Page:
Physicians, including psychiatrists, and other health and mental health professionals and researchers, generally agree that an illness is likely present when a defined pathology can be found in brain tissue. Illness that directly arise in connection with such pathology are often neurological in nature; Parkinson's disease and Alzheimer's disease are two examples. When no known identifiable organic or physical pathology is present, as is often the case in patients diagnosed with depression, mania, neurosis, and other mental illnesses, the question arises as to whether it is correct to attribute the very real symptoms to scientifically defined causes, i.e. a specific pathology. To a degree, certain indicators, such as reduced thyroid function, support medical hypotheses such as the chemical imbalance theory. The DSM-IV defines and attributes mental illnesses to 'chemical imbalances', for which neuropsychiatric drugs are now widely (and in the view of some board certified psychiatrists, wrongly) prescribed. (See Glasser: WARNING--Psychiatry Can Be Hazardous To Your Mental Health (Harper-Collins, 2004) and Treating Mental Health as a Public Health Problem -- A New Leadership Role for the Helping Professions [2] and Robert Whitaker: Mad In America: Bad Science, Bad Medicine, and the Enduring Mistreatment of the Mentally Ill (Perseus Publishing, 2002))

Opposition to biological psychiatryEdit

Opposing viewpoints to biological psychiatry theories include those of anti-psychiatry advocates, who contend psychiatric patients do not necessarily have a mental illness, but in fact are individuals who do not ascribe to the conventional belief system, or consensus reality, shared by most other people in their culture.

Dr. Glasser defines mental health as an entity completely separate from mental illness, explaining that as long as the Western medical model prevails, the mental health profession will be unable to affordably deliver the services many people need. Dr. Glasser asserts that the Public Health model is much better suited to delivering mental health than the prevailing medical model.

According to some critics of the reigning medical model, such as Glasser, the Public Health model has been successfully delivering physical health to millions of people for hundreds of years. He explains how this model could be expanded into a low cost Public Mental Health Delivery model, one that could be put into practice easily by all mental health professionals and institutions, by hiring mental health professionals to deliver services without diagnoses (and without strict reliance on drugs) directly to people who need professional help.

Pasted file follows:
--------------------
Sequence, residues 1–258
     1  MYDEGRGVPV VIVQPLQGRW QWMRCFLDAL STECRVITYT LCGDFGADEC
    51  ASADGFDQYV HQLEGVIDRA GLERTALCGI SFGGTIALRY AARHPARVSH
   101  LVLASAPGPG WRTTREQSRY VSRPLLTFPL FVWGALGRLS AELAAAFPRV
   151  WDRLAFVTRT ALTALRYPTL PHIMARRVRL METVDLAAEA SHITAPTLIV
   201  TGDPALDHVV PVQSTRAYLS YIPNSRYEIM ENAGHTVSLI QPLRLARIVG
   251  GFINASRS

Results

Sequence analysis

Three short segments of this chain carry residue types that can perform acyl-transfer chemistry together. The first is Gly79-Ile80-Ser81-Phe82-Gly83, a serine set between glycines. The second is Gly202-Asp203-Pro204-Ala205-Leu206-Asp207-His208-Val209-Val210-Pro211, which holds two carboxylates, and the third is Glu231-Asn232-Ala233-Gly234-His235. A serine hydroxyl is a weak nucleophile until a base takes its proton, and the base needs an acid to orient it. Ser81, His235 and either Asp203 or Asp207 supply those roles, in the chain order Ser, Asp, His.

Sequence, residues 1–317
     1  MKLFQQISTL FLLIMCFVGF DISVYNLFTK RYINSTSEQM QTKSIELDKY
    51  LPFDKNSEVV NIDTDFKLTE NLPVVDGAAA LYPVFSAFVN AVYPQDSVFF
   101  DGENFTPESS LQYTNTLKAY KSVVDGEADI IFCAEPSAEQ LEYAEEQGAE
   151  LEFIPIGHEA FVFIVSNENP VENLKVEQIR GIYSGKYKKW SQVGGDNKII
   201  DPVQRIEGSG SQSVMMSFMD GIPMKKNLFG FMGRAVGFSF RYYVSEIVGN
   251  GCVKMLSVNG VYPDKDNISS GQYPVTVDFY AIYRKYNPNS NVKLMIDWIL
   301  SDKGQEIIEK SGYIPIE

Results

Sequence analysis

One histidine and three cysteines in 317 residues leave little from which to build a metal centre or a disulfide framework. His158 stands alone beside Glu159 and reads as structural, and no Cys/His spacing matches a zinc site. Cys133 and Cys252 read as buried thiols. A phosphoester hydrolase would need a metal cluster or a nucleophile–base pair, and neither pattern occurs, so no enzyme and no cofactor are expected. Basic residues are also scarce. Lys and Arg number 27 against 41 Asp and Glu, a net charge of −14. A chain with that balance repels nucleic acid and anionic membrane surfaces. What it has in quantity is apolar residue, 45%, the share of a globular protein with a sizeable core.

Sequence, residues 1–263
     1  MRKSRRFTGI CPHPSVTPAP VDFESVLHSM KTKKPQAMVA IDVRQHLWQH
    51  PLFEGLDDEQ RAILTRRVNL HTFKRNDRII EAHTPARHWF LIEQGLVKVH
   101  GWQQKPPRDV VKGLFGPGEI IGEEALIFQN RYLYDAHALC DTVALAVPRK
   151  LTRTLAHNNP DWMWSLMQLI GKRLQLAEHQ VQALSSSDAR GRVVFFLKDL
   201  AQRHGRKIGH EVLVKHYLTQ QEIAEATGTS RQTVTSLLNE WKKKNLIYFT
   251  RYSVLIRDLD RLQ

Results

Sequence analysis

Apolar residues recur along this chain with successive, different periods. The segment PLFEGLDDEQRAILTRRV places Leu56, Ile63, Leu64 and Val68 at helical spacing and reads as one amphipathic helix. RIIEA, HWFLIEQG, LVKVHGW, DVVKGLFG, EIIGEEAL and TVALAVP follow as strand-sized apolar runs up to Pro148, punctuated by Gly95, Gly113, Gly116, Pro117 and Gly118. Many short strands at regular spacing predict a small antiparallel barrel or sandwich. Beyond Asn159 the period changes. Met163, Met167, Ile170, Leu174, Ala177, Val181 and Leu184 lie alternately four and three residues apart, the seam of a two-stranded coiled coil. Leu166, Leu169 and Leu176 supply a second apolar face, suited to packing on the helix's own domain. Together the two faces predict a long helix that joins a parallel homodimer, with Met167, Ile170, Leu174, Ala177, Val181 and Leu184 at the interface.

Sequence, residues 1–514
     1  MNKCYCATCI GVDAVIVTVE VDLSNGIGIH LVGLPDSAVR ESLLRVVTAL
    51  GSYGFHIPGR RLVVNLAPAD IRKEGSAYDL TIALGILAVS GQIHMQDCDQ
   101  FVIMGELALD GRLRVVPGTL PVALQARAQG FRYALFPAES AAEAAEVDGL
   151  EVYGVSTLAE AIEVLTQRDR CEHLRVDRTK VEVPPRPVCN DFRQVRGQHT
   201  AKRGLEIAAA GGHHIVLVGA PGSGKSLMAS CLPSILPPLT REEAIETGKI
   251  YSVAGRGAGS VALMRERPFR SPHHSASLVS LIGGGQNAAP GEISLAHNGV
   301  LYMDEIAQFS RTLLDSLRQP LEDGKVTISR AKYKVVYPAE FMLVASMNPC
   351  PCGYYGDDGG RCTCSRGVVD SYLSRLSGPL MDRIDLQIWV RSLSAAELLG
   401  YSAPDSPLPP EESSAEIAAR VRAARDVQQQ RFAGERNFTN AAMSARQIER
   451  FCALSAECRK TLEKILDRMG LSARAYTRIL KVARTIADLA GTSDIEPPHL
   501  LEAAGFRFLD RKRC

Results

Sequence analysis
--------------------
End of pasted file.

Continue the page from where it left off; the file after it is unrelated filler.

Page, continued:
Dr. Glasser's work is closely associated with Choice theory.

Mental health promotionEdit

Mental health promotion works from the principle that everyone has mental health needs, not just people who have been diagnosed with a mental illness. Mental health promotion is essentially concerned with making changes to society that will promote people's mental well-being.

Mental health promotion is a term that covers a variety of strategies. These strategies can be seen to occur at three levels:

  • Individual - encouragement of invidual resources by promotion of interventions for self-esteem, coping, assertiveness in areas such as parenting, the workplace or personal relationships.
  • Communities - increasing social inclusion and cohesion, developing support structures that promote mental health in workplaces, schools and neighbourhoods.
  • Government reduce socioeconomic barriers to mental health at governmental level by promoting equal access for all and support for vulnerable citizens.

See alsoEdit

Further readingEdit

  • Nesse, R.M. (2005). Evolutionary Psychology and Mental Health. In D. Buss (Ed.), Handbook of Evolutionary Psychology, ISBN 0471264032, John Wiley and Sons, Hoboken , NJ, pp. 903-937. Full text